The main colonial structures were built atop sacked Mayan pyramids, and the convent was built upon the main Mayan acropolis, indicating that the city site held some significance within the former Mayan empire as well.
The convent dominating the center of Izamal remains significant today for several reasons. For starters, it has one of the largest enclosed atriums in the world (second only to the Vatican!). It is also a popular pilgrimage site for many Catholic faithful who believe that many of the statues of saints inside the convent perform miracles. Last, but not least, it was visited by Pope John Paul II in 1993, who crowned and blessed a statue of the Virgin Mary in the main chapel, also making it a popular destination for pilgrims.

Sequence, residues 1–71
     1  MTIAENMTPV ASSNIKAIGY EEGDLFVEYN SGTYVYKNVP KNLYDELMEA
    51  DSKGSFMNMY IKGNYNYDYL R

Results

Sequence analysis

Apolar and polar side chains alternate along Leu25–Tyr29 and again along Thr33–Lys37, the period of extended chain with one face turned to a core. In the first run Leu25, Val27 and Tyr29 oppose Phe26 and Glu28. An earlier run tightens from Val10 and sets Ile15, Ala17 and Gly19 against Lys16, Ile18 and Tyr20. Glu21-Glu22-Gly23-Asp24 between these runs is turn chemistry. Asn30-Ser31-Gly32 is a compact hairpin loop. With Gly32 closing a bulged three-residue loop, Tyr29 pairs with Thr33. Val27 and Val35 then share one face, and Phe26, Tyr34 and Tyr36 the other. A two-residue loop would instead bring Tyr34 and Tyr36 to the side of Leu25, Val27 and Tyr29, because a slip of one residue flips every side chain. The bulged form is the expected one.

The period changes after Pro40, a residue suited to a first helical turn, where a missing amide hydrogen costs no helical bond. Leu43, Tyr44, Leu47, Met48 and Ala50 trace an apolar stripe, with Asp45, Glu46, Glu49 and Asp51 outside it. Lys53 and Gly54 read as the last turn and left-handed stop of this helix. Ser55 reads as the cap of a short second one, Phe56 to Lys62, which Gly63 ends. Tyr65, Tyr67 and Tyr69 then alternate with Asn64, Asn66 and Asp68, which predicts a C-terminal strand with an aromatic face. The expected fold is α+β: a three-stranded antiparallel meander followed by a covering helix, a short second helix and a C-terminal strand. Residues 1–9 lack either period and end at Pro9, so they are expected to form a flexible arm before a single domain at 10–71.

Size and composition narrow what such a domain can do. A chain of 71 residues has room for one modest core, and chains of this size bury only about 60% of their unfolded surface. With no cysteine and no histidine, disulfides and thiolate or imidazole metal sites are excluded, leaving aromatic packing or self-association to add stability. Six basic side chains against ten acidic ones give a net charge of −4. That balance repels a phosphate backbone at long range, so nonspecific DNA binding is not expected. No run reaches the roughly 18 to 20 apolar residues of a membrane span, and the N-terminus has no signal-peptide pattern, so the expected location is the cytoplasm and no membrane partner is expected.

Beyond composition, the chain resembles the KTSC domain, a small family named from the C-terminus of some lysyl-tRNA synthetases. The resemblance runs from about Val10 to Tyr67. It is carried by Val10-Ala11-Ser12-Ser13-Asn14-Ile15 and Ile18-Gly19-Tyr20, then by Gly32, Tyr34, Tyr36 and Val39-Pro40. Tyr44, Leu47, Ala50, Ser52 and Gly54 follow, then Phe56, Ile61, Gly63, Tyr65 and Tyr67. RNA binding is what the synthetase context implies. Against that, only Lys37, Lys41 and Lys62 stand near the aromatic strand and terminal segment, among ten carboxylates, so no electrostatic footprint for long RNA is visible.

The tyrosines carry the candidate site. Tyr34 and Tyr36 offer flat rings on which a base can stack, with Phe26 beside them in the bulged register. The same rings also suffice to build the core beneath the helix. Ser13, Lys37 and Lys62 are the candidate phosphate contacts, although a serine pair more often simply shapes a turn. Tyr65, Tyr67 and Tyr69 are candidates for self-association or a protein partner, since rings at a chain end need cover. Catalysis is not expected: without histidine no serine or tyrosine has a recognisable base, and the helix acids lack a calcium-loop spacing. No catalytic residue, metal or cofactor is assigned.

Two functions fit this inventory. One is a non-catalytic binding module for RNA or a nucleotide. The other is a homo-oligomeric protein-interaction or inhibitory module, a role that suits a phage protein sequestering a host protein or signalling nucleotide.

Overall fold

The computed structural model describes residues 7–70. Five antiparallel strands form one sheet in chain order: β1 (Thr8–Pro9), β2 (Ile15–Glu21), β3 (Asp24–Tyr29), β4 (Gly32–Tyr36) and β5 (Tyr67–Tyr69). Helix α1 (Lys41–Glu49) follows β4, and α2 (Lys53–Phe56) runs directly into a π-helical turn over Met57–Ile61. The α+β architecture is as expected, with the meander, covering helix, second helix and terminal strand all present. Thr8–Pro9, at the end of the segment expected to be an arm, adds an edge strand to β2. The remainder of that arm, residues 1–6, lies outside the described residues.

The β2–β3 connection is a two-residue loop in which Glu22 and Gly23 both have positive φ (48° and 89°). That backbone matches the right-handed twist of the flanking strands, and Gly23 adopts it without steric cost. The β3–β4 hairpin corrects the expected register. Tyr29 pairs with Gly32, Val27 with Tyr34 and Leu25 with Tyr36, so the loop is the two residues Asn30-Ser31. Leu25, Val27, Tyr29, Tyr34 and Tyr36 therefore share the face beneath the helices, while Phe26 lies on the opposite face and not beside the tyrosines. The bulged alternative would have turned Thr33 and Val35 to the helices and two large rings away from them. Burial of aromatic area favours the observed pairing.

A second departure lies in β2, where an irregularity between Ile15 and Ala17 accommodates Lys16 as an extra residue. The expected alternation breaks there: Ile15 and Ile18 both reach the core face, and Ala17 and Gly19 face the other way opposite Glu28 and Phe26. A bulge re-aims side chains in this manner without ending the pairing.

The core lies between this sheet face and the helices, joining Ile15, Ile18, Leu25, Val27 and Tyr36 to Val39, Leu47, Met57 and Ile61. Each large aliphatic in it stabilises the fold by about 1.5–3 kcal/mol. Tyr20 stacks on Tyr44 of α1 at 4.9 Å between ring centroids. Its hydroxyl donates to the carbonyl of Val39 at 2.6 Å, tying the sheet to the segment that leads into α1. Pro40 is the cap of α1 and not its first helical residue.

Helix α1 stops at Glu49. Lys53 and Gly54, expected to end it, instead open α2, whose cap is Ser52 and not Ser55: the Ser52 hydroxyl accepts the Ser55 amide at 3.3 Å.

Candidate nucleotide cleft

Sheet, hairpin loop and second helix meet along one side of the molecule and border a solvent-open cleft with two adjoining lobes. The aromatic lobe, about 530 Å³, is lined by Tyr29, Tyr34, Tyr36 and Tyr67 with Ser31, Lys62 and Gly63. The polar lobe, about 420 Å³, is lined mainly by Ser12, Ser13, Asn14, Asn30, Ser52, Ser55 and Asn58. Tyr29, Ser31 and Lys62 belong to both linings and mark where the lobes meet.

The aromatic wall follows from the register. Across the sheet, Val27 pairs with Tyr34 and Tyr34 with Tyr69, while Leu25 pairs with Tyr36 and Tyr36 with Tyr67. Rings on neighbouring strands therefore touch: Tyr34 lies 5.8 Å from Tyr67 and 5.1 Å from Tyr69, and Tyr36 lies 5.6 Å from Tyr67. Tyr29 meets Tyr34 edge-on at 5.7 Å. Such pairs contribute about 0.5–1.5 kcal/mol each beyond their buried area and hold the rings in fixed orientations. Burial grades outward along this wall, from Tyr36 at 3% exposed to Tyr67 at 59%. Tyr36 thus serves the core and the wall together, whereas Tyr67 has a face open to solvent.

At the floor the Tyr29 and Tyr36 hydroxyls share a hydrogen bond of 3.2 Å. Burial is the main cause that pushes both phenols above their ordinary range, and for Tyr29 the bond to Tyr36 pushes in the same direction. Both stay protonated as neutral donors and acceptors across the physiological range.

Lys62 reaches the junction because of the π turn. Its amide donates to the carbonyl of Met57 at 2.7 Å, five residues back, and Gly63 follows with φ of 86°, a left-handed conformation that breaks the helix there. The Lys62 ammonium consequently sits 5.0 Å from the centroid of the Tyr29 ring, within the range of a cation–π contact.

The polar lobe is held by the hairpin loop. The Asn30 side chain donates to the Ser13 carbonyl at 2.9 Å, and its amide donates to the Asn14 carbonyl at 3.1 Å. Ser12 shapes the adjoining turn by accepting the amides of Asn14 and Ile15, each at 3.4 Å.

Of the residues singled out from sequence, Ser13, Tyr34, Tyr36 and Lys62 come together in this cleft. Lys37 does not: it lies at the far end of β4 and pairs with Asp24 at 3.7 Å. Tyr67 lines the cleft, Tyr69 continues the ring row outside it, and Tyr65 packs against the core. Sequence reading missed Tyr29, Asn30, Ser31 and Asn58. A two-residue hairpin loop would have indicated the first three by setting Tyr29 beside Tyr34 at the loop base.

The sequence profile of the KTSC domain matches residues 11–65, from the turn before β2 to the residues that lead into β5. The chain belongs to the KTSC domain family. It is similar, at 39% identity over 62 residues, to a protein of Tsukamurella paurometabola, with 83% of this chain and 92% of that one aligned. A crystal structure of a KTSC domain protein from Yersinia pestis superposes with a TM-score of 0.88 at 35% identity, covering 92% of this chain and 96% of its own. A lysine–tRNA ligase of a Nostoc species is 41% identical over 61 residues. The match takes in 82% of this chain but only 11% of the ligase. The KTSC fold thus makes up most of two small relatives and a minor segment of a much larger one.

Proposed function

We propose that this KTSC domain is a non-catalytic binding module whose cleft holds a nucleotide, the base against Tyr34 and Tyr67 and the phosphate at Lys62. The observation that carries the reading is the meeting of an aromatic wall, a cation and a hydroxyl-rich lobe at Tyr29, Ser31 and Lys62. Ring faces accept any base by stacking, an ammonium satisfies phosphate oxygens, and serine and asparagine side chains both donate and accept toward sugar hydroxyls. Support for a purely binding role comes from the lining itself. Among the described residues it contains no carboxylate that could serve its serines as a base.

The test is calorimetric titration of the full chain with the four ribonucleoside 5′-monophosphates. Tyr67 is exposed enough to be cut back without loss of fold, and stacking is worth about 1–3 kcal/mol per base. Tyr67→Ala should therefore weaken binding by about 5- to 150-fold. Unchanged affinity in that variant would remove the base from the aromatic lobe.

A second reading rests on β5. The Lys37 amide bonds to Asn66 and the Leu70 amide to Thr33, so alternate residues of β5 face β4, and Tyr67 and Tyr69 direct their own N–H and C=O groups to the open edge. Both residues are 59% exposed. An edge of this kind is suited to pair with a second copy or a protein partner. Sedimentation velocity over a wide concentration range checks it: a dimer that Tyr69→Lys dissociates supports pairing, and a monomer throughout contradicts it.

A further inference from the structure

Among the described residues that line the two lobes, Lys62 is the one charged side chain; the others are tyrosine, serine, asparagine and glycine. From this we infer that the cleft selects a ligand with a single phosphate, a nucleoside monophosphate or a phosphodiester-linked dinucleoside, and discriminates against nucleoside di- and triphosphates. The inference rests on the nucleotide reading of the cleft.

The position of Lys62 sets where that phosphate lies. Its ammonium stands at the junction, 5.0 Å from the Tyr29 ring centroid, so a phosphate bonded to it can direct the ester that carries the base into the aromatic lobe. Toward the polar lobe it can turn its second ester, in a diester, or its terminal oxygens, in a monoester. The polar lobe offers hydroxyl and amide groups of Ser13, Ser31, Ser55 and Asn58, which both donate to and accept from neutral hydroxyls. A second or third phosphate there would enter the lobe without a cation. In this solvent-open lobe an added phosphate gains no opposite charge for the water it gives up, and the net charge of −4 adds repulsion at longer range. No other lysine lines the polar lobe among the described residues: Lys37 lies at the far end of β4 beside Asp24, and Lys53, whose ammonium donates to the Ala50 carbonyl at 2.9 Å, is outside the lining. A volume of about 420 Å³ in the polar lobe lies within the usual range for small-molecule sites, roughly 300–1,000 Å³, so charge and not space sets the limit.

There is no entrance fee to walk around (though a donation is suggested) and there are guides on hand to offer historical perspective. Our guide insisted that we have a photo taken in front of a massive painting depicting the Virgin Mary—apparently it’s what all the cool visitors/ pilgrims do.
Hey…when in Mexico…
Not to be missed is the rousing light show in the atrium, held every night after sundown.
In addition to numerous well-preserved colonial structures, several Mayan structures have endured and can also be explored. While none of these are near as impressive as the structures in nearby UNESCO site, Chichen Itza, visitors can actually climb to the top of Izamal’s ruins.
Disclaimer: This article may contain affiliate links, which means that if you buy through them, we receive a small commission at no added cost to you. Thanks for supporting AwayGoWe!